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How I remember the notes on the fretboard

A lot of guitarists I speak with, particularly those starting out, often mention they can’t remember the notes on the fretboard. This is something which I struggled with for a while. I would spend my time looking at charts and diagrams like the one to the right but none of it seemed to have sunk in.

Learning the notes of a guitar off by heart is important for several reasons, for example, it helps us form and understand chords and scales and it’s great for when you’re playing with other musicians to have a language you can both understand.

For me, it is a case of bandwidth. I can’t yet focus on playing well in terms of technique and think about what notes I’m playing at the same time and when I try it usually results in me playing poorly.

I, therefore, commit a large portion of my knowledge of chords and scales to, what I would describe, as muscle memory. By this, I mean that when I play a C chord, I’m not thinking, C, E, G, C, E, because, although I know they’re the notes, to think like that would take me too long and I would miss my cue to play the chord. Instead, I remember the shape of a C chord and where at least one of the notes is played on the fretboard.

Using Shapes is something which a lot of guitarists develop naturally but, evidently, the same can’t be said when learning the notes on a guitar. So, I’ve spent a long time trying to find methods of remembering these notes and I have found some ways that work for me. I wanted to share my thoughts in the hope that it may help someone else.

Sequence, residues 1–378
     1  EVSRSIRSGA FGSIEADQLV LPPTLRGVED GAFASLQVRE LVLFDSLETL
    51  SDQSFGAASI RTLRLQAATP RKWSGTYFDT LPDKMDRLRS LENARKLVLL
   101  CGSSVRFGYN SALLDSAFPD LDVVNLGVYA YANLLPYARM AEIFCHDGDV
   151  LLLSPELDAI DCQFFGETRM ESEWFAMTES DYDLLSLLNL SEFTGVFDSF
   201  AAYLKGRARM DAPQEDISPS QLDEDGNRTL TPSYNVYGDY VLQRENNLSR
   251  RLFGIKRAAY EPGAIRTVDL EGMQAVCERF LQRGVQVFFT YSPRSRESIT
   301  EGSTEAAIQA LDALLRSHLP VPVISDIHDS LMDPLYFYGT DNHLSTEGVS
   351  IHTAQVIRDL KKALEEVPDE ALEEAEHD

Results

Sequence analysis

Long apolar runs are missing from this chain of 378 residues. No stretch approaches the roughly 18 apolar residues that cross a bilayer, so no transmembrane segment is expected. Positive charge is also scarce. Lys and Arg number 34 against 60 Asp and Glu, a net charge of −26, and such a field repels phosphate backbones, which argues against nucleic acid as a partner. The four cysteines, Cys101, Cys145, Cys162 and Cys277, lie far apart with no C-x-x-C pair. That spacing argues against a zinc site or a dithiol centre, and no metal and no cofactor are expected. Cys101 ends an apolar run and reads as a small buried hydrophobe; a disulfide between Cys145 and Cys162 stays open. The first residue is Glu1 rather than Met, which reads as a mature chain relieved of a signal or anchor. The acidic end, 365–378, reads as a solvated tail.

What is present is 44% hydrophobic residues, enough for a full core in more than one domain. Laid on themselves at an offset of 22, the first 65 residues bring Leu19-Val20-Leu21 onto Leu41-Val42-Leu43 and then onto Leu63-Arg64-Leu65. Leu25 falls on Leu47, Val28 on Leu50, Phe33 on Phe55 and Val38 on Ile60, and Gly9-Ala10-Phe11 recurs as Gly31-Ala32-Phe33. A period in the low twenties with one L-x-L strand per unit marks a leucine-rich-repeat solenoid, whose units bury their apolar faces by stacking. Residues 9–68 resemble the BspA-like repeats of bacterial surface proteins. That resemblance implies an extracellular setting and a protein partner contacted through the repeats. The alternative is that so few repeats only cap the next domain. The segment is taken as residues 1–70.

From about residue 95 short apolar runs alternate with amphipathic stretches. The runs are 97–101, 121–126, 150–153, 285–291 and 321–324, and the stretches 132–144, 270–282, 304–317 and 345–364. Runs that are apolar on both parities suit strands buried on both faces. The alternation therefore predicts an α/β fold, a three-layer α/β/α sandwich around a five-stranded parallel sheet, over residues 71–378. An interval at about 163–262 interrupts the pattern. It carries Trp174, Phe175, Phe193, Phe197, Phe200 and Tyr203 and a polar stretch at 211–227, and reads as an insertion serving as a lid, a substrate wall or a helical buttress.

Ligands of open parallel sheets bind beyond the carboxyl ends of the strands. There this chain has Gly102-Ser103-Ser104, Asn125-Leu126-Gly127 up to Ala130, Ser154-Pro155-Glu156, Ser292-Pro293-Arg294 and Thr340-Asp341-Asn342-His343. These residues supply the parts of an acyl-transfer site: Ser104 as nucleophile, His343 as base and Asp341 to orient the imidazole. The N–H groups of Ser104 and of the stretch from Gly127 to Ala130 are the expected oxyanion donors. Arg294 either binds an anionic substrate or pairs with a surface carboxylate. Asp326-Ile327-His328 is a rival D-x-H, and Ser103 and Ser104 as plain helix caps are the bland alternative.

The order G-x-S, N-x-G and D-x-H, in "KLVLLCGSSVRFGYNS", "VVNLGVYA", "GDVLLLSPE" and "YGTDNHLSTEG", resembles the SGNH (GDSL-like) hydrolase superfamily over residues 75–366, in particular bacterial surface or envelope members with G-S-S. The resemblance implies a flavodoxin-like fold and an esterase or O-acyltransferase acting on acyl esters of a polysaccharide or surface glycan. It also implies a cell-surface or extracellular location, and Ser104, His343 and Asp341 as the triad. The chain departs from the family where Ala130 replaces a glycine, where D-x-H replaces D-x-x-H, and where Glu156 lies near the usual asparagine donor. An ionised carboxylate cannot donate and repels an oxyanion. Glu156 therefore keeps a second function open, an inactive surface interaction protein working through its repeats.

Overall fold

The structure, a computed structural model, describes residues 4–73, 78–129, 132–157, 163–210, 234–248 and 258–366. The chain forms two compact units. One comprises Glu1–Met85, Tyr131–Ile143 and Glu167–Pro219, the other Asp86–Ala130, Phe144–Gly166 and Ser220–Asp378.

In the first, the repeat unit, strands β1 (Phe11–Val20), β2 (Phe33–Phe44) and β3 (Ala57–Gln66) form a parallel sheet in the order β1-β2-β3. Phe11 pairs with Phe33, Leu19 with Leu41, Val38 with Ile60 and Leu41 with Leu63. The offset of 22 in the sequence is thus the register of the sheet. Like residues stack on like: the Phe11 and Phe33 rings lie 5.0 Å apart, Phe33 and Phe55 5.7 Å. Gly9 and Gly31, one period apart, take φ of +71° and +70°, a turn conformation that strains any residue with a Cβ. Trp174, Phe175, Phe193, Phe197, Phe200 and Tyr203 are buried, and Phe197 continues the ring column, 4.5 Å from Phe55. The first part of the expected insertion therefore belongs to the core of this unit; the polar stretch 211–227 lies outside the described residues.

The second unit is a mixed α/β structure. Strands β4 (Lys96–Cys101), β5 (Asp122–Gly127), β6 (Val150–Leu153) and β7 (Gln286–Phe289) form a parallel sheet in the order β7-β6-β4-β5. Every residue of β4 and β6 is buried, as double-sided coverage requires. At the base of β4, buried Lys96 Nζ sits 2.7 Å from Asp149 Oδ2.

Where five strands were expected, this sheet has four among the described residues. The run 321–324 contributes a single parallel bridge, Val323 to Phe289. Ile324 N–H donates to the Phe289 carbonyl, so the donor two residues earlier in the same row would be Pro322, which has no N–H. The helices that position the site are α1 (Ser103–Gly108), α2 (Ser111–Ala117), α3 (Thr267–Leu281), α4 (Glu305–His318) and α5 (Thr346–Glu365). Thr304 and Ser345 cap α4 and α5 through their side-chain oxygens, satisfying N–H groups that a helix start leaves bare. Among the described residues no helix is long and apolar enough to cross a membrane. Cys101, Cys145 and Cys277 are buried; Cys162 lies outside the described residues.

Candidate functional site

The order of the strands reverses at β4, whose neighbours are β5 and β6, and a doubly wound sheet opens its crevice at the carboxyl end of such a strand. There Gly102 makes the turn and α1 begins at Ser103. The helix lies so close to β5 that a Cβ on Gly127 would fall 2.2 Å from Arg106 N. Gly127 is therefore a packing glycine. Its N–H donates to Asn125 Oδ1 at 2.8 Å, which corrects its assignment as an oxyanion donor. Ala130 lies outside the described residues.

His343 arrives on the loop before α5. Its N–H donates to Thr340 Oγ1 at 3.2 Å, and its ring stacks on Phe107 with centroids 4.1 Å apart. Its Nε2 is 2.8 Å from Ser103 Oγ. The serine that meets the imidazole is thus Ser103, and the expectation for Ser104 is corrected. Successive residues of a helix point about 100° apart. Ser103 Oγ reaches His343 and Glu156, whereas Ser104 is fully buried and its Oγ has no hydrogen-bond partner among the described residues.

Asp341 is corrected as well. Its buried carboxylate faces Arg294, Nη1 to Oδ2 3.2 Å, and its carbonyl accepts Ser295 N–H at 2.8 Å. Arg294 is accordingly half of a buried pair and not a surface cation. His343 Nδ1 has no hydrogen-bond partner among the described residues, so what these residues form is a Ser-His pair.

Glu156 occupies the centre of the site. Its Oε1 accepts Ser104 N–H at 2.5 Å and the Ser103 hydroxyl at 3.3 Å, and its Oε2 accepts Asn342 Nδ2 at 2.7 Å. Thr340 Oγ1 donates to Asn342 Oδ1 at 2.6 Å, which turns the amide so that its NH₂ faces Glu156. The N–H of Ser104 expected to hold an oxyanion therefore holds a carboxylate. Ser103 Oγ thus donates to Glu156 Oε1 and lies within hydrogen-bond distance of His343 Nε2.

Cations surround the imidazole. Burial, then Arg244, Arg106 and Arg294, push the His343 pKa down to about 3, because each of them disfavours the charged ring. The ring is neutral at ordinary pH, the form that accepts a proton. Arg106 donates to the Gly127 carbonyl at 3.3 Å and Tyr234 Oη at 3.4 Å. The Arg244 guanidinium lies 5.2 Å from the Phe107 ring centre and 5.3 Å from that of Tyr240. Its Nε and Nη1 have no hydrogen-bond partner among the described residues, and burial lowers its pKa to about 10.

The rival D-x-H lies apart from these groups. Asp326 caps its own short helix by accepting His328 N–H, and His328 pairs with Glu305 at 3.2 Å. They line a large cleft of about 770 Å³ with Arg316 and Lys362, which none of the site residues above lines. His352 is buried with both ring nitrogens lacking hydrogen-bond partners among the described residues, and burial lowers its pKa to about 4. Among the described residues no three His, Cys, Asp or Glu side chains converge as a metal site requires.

Method 1

The Chromatic Scale

The first thing that you need to know is the chromatic scale. The chromatic scale is simply playing each note up and down any string on the guitar. It is the only scale, that I’m aware of, that consists only of semitones. A semitone also called a half step or a half tone is the smallest musical interval. They are one fret apart so the notes of the chromatic scale are A-A#-B-C-C#-D-D#-E-F-F#-G-G#. The chromatic scale, in most applications, sounds pretty rubbish.

You’ll notice that in the chromatic scale there is no B# or E#. The technical reason for this is there is not enough room in the frequency spectrum. Another way to remember is to think of a piano. If you’ve ever looked at a piano you may have noticed that the white keys are spaced evenly all the way along. The white keys represent natural notes, that is to say, they are not sharp or flat.

The black keys positioned above the white keys are sharp and flat notes but they are not all spaced evenly. The flat and sharp note sequence on a piano, as shown in the diagram above, is 2 keys – 3 keys – 2 keys – 3 keys, all the way along. The notes that are missing in this sequence are B# and E#.

Method 2

Reference Points

The second thing to establish is reference points. These are areas or frets on the guitar where you know what the notes are without having to engage your brain. My first reference point is the thing that most people learn on the guitar very early on, the open strings.

There are lots of different ways for remembering the open strings on the guitar but most involve using a saying. Some people, for example, start with the thinnest or 1st string, in which case the order would be E-B-G-D-A-E and they might use Easter – Bunnies – Get – Dizzy – At – Easter or Every – Boy – Gets – Dinner – At – Eight.

Others start with the thickest string, or 6th string, in which case the order would be E-A-D-G-B-E and they might use Every – Amateur – Does – Get – Better – Eventually. I, on the other hand, was taught, Elephants – And – Donkeys – Grow – Big – Ears

To this day I don’t play the open strings without saying that in my head. The point is to find one that works for you and stick to it.